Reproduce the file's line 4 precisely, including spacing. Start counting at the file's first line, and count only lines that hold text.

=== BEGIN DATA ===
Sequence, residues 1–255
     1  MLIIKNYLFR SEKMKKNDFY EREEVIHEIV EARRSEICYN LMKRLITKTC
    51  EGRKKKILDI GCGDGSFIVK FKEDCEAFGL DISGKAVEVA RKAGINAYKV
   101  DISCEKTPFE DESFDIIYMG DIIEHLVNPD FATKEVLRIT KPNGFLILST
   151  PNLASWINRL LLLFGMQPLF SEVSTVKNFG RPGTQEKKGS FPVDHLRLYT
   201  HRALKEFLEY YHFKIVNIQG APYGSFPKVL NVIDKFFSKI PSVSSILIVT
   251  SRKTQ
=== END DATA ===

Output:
   101  DISCEKTPFE DESFDIIYMG DIIEHLVNPD FATKEVLRIT KPNGFLILST